Dr. James Hansen, renowned NASA scientist and pioneer in the field of global warming studies, spoke on campus last night drawing a crowd that filled Campbell Hall and two additional Buchanan lecture halls.
Hansen, head of NASA Goddard Institute for Space Studies, kicked off UCSB’s Global Warming Science & Society Event Series, which will feature three additional speakers and related events until Earth Day on April 22. Presented by Arts & Lectures, in conjunction with multiple campus departments, the series aims to alert the community to the serious nature of climate change and offers methods to address the crisis of global warming.
“We have left our children with a great moral burden,” Hansen said. “It is my hope that the young people of this century are informed and inspired enough to address these issues and turn around these forces.”
David Lea, a professor in the Earth Science Dept., said attendance exceeded his expectations, as the packed lecture completely filled Campbell Hall and additional seating accommodations had to be provided in Buchanan 1910 and 1940 through telecast.
“I am overwhelmed by the turn out,” Lea said in his address prior to Hansen’s speech. “For those of you who can’t hear me because you couldn’t get into the event … I am sorry.”
Hansen, too, was moved by the turnout and said the impressive response could have never happened 10 years ago, signaling an increased attention to the subject. However, Hansen said he wondered why even more young people today were not alarmed at by the current global situation.
“I wonder why more young people are not concerned,” said Hansen. “You are getting the short end of the stick.”
Hansen spoke in detail about the dangers of continuing down the current path toward global warming, or doing Business-As-Usual, which Hansen classifies as the current 2 percent yearly increase of fossil fuel consumption. According to Hansen, under these conditions, the Earth will see a 3 degree Celsius increase in temperature, eventually claiming the lives of 50 percent of Earth’s species and sections of Antarctica and Greenland.
“We don’t want to go in this direction,” Hansen said. “Following the BAU scenario would be disastrous for a huge number of species. This is a non-linear problem and could push to the point of the collapse of portions of Antarctica and Greenland. The damage caused would make New Orleans look like a small village.”
Later in his speech, Hansen addressed the irreversibly damaging role humans play in altering the Earth’s atmosphere, and pointed to the United States as the leader in green house gas emissions.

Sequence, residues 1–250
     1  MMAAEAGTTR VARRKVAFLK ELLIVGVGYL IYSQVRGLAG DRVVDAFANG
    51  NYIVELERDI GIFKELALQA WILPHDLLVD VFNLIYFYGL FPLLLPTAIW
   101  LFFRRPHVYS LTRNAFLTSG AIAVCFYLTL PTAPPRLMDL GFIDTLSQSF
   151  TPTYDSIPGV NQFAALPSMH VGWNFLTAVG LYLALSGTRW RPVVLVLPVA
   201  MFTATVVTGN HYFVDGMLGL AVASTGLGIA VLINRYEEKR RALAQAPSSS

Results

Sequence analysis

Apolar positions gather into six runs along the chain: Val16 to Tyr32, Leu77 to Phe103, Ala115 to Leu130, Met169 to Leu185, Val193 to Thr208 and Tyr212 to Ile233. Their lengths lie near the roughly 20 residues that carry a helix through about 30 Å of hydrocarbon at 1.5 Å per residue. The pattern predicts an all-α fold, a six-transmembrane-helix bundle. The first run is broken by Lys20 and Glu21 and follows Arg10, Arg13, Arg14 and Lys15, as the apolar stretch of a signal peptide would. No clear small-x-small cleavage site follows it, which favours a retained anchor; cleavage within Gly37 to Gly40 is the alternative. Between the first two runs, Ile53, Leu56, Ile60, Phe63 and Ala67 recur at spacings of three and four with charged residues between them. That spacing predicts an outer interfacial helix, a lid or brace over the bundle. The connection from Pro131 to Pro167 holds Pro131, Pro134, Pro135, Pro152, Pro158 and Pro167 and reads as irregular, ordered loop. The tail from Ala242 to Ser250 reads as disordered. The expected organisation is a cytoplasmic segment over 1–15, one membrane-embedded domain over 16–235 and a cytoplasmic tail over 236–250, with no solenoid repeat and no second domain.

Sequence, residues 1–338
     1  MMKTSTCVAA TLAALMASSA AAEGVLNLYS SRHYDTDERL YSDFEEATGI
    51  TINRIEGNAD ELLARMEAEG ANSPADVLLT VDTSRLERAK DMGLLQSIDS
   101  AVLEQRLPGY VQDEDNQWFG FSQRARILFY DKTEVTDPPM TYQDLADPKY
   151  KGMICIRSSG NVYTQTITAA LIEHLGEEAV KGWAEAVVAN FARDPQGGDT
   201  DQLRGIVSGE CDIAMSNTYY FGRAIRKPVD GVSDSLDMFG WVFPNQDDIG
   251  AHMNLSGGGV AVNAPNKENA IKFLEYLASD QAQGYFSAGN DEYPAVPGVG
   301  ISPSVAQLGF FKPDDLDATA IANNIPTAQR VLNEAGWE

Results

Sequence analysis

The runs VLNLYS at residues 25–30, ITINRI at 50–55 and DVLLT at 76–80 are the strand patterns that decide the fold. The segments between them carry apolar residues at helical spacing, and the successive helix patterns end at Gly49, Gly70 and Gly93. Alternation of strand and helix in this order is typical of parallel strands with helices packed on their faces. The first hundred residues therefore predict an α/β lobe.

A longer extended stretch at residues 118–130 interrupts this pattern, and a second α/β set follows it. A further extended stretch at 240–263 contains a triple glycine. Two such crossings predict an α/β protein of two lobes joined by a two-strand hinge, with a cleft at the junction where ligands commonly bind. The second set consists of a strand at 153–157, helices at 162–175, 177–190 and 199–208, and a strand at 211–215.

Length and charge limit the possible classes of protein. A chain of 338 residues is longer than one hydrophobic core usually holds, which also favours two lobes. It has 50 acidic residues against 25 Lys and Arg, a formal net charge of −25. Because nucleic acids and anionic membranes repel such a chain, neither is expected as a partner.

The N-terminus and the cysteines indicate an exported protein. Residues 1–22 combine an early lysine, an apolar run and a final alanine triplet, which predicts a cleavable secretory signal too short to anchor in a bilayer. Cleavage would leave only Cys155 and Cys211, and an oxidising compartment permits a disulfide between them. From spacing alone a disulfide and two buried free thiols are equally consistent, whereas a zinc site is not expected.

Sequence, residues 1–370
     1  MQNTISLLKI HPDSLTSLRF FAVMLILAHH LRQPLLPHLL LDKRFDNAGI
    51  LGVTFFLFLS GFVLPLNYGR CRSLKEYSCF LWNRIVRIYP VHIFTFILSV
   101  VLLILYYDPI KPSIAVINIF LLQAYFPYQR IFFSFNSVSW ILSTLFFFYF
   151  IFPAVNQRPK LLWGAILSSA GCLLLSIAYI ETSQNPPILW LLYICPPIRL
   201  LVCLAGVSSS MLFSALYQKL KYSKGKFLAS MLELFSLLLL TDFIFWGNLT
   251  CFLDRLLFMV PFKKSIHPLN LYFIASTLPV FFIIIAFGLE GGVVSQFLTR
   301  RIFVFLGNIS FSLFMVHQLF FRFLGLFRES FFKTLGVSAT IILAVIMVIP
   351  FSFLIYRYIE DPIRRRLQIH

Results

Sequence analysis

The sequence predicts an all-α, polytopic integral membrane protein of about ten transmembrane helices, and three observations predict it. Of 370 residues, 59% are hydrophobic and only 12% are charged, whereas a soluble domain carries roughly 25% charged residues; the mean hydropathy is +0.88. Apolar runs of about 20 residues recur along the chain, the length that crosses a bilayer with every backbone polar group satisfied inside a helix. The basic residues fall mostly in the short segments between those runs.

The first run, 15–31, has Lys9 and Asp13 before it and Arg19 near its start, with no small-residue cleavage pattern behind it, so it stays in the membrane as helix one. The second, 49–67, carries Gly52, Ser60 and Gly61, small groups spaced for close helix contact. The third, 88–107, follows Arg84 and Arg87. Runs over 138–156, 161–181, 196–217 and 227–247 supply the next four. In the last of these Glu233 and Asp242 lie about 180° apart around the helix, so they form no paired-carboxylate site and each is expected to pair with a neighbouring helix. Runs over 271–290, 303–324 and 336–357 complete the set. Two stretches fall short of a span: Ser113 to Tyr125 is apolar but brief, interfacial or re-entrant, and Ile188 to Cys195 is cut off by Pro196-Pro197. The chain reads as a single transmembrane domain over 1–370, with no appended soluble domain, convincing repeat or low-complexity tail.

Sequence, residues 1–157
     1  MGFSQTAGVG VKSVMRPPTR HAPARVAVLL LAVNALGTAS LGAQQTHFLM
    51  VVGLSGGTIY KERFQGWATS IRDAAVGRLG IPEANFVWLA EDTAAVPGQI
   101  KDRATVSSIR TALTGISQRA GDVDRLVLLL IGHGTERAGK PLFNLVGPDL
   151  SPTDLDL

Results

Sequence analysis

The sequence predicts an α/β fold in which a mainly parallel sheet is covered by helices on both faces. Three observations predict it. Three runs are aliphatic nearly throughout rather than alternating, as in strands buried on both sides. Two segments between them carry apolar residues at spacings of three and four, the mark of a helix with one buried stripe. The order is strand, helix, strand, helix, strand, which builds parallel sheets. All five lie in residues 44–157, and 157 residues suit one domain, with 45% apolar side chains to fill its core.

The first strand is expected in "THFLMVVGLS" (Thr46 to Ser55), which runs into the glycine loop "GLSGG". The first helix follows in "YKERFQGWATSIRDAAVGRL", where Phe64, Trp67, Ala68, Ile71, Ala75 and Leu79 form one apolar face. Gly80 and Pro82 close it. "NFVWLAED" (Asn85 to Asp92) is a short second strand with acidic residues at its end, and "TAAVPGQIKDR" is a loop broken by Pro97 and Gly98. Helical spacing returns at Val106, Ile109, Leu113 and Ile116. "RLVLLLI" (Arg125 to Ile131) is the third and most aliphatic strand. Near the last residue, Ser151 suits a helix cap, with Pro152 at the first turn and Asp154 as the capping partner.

“Human mechanisms are completely controlling atmospheric composition and melting ice off the planet.” Hansen said. “The United States is responsible for releasing three times the accumulated fossil fuel of China and more than responsible for the current conditions. The U.S. must take political and technological leadership in reducing its dependency on fossil fuels … [or] we are in danger of a different climate.”
Despite the breadth of information, audience reaction was tepid due to Hansen’s monotone voice and slow delivery. Fourth-year geography major Shawn Jacobs said he was unmoved by Hansen’s speaking, but was impressed with the level of attendance.
“While the information was interesting, the speaking was dull; this was no Al Gore and I was already informed on the information,” Jacobs said. “But what is important is that this issue is so big that the event filled Campbell Hall.”
Three additional lectures on global warming will follow last night’s event, including Steve Koonin, chief scientist of British Petroleum, on March 8 and Elizabeth Kolbert, author of Field Notes from a Catastrophe: Man, Nature, and Climate Change, on April 19. Her book is available for free to UCSB students at Davidson Library’s information desk through the UCSB Reads for Earth Day program. The fourth speaker has yet to be announced.
Lea said the support of an anonymous donor and many campus departments has helped make the series, and its emphasis on education about global warming, a reality.
“Last May, an anonymous donor pledged to support this series, so it is with the help of the donor and many UCSB individuals that we are able to present this information to the students, as well as to the community,” Lea said.